Can an exact answer for this question be found? By intuition, I think the answer is 0. But can someone explain the steps on how to solve this question?
This particular problem has perfect separation, so your intuition can be made rigorous. Otherwise, as gunes said, logistic regression is not easy to optimize by hand.
Write $y = \beta_0 + \beta_1 f_1 + \beta_2 f_2 + \beta_3 f_3$ for the linear model on log-odds.
As a bit of motivation first, notice that evaluating at $x_6$ just returns the intercept $\beta_0$. If our model can obtain perfect accuracy, then from $x_1$ we obtain that $\beta_0+\beta_1 < 0$, and from $x_3$ that $\beta_0+\beta_2<0$, but from $x_5$ that $\beta_0+\beta_1+\beta_2>0$. This is impossible if $\beta_0\geq0$, and so we expect that $y_6=\beta_0<0$ and for the output to be 0.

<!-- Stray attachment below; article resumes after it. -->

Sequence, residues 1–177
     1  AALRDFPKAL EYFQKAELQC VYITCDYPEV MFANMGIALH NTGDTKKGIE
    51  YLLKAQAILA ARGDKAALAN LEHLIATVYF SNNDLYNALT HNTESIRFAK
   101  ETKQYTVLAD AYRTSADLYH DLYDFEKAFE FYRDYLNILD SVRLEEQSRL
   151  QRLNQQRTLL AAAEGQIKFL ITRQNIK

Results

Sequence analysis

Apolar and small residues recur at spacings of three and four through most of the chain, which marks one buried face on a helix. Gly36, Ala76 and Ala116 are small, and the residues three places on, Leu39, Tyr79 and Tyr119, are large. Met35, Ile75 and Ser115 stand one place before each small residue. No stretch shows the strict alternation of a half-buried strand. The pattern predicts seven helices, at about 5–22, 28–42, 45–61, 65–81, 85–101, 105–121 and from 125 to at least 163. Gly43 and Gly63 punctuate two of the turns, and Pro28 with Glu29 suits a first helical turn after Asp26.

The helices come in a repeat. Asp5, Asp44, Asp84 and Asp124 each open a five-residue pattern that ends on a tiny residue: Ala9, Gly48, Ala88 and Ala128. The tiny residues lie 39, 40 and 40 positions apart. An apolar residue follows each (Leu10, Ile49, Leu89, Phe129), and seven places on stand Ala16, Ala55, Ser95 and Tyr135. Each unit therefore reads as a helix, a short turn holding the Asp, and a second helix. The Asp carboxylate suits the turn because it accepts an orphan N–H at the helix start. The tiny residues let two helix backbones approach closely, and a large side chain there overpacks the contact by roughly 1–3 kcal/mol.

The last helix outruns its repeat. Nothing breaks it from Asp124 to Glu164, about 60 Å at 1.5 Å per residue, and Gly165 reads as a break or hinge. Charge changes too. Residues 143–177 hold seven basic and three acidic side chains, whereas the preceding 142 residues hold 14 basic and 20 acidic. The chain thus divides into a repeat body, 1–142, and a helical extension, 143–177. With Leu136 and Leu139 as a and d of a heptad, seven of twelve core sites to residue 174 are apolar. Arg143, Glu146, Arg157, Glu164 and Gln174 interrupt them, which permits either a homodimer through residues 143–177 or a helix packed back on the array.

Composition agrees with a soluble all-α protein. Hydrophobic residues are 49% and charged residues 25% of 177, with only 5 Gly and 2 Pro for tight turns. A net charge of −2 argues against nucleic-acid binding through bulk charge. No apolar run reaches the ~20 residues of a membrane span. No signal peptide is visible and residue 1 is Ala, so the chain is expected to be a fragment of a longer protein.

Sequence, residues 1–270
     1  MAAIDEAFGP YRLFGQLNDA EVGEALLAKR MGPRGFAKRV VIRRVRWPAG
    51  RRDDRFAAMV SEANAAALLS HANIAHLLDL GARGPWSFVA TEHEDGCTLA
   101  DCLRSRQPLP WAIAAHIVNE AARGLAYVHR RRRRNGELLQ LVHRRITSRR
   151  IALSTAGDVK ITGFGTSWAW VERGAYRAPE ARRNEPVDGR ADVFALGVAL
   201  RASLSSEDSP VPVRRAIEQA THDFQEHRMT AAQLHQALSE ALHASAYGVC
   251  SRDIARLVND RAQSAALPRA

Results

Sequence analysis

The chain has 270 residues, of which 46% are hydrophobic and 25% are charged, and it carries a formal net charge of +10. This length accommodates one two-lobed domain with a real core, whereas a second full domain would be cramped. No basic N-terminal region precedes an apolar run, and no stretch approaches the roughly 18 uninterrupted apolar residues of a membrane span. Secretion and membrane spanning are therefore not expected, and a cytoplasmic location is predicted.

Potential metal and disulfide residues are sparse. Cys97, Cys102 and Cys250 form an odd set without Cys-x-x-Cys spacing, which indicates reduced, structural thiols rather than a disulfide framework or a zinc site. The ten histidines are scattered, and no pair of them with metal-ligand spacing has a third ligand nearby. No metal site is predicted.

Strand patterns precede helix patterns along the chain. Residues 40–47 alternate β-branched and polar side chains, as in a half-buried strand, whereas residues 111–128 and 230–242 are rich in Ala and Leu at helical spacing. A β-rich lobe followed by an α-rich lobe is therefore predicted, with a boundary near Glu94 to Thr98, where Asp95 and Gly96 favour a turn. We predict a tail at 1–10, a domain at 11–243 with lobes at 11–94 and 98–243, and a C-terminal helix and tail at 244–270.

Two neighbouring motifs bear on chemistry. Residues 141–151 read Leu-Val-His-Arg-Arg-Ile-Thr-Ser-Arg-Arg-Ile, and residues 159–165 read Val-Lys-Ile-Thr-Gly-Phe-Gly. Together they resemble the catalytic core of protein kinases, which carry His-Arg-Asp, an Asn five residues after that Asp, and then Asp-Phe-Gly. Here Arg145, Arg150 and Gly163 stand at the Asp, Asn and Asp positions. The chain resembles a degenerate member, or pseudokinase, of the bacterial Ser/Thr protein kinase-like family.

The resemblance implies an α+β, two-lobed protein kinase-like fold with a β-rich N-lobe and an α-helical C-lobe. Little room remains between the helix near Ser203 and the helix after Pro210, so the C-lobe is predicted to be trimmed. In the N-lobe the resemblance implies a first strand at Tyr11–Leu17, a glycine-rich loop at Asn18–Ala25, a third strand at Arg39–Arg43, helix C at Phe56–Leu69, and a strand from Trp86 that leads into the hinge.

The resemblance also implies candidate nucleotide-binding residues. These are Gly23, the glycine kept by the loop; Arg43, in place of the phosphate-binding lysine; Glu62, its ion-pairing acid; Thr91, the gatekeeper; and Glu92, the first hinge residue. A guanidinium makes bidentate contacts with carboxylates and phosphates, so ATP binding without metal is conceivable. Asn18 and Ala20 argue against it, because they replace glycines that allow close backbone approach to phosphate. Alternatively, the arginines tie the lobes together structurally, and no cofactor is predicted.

To make things precise, we can find $\beta$ that satisfies the three inequalities above, but that furthermore make the log-odds approach $\pm \infty$ as appropriate. Let $\beta_0=-3\alpha$, $\beta_1=\beta_2=2\alpha$, $\beta_3=0$. Then for each of $x_1, x_2, x_3$ we have $y=-\alpha$, and for $x_4, x_5$ we have $y=+\alpha$. Letting $\alpha\to\infty$ forces these log-odds toward $\pm\infty$, so that the log-likelihood goes to infinity.
In other (shorter) words, we have perfect separation by the plane $-3+2f_1+2f_2=0$.
It can be found, assuming a proper learning rate, a suitable threshold, and binary cross-entropy cost, since it translates this into a convex problem, in which we have one global optimum. We don't have closed form solution for logistic regression, but through gradient descent we can get to this optimum arbitrarily close. I'd suggest running a logreg from
scikit-learn or a familiar library.